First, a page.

Psychic Matters!

PM 027: Honouring Grief, Befriending Death with Brian Bowles

January 14, 2021 Ann Théato with Brian Bowles
Psychic Matters!
PM 027: Honouring Grief, Befriending Death with Brian Bowles
Chapters
Psychic Matters!
PM 027: Honouring Grief, Befriending Death with Brian Bowles
Jan 14, 2021
Ann Théato with Brian Bowles

#027 Hi there, my name is Ann Théato and I am here to teach you proven techniques for spiritual and psychic development from the comfort of your own home. I’m also here to investigate the teachings of experts across the globe, to bring you their wisdom, their advice and their spiritual wealth.

Our life can change when we befriend death and our willingness to be curious about it can shift our discomfort.  Our grief is not a malady to be fixed but a  badge of honour which we wear – reminding us that we had the courage to love.

DEAF FRIENDLY: If you'd like to get the links & show notes, including a complete transcription, head to: www.anntheato.com

Show Notes Transcript

#027 Hi there, my name is Ann Théato and I am here to teach you proven techniques for spiritual and psychic development from the comfort of your own home. I’m also here to investigate the teachings of experts across the globe, to bring you their wisdom, their advice and their spiritual wealth.

Our life can change when we befriend death and our willingness to be curious about it can shift our discomfort.  Our grief is not a malady to be fixed but a  badge of honour which we wear – reminding us that we had the courage to love.

DEAF FRIENDLY: If you'd like to get the links & show notes, including a complete transcription, head to: www.anntheato.com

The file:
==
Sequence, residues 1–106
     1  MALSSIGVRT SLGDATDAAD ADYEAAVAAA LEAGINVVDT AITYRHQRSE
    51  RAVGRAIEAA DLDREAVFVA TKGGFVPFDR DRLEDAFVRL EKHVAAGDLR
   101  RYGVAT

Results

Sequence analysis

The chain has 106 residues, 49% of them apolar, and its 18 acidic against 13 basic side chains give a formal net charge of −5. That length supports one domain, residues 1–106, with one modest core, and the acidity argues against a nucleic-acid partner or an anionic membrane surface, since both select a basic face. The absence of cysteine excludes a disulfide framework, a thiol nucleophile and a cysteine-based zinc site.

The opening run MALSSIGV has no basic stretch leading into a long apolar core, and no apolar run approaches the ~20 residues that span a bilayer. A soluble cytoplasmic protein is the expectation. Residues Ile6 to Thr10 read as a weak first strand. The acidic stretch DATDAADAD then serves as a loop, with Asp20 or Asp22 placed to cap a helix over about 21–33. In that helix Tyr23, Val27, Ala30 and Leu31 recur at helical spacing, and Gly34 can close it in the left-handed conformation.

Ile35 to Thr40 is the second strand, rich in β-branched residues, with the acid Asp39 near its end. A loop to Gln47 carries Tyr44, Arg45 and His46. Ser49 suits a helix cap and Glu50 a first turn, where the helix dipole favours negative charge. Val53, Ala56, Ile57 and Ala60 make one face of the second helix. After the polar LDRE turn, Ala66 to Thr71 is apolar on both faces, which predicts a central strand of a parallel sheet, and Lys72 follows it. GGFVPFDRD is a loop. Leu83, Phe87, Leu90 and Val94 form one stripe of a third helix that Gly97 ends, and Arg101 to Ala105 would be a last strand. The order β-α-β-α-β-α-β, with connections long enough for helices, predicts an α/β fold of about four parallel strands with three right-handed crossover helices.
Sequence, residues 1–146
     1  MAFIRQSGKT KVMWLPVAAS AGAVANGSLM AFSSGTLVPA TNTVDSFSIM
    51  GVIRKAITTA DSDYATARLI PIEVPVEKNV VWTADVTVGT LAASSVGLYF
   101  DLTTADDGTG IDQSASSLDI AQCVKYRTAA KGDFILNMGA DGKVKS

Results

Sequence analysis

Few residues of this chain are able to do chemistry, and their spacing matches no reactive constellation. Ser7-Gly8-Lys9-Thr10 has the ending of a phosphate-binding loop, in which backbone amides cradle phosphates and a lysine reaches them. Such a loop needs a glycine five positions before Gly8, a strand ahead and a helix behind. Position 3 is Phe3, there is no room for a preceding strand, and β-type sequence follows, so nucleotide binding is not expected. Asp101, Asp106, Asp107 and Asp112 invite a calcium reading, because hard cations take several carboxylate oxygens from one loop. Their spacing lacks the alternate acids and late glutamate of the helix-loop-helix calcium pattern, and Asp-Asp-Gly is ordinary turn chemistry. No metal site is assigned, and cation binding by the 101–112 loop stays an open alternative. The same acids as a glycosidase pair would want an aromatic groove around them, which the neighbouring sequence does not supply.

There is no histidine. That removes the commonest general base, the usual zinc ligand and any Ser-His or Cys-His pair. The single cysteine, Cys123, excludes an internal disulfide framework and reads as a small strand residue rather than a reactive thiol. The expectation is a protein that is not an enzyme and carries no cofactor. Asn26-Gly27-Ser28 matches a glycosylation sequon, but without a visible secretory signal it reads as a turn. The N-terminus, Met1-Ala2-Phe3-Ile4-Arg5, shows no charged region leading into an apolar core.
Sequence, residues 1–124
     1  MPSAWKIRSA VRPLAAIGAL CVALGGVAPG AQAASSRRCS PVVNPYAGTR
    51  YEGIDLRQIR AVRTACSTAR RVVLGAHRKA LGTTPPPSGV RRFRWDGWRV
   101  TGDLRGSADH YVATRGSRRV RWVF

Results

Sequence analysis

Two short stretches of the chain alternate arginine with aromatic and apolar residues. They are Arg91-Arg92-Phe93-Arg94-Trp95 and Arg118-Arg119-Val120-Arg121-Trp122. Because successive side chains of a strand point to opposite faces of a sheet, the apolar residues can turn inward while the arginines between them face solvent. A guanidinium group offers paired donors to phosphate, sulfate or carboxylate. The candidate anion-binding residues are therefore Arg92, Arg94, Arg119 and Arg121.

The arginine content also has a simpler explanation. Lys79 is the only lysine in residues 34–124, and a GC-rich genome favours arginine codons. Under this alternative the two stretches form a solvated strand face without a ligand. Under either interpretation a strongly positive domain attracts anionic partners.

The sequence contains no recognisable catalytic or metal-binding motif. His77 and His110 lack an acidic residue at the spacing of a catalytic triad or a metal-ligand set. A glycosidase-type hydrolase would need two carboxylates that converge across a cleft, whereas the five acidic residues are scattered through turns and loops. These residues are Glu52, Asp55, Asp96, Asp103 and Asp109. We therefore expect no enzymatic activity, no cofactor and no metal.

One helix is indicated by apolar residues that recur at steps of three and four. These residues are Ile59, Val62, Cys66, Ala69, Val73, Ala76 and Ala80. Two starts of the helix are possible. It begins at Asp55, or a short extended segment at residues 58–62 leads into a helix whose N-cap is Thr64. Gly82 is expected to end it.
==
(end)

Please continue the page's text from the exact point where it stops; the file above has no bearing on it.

Hello everybody! My name is Ann Théato and welcome to the Psychic Matters Podcast – episode number 27. 

In this episode, I am talking to Psychic Medium Brian Bowles, about the importance of honouring our grief, be it through a bereavement or a relationship that has been lost to you.

Brian’s gentle and compassionate nature, coupled with his many years of experience working in hospice, and his incredible work as a Psychic Medium, means that he is extremely well placed, to help you, to come to terms with loss and to honour the process of letting go.

Before I begin, just a couple of announcements: I have a wonderful 2-day workshop coming up on Saturday 27 Feb and Saturday 6th March 2021, it’s a 5 hour workshop, UK time zone 3pm to 8pm, so that’s 10am EST to 3pm EST – it’s called the Theatre Of Mediumship.

I have drawn upon my extensive knowledge as a professional working actress, to craft this unique two-day workshop.  It promises to be a lot of fun but be prepared to work hard! The two sessions take place on Zoom and they will give you the tools necessary to bring any dialogue with the spirit world alive, whilst looking at building your presentation skills, and helping you to craft a good opening and closing for both your platform and 1:1 work.  

An actor’s job is to become the character they are playing and to host a conversation between the playwright and the audience, showing that the person they are portraying is a real life, 3 dimensional, living, breathing, human being.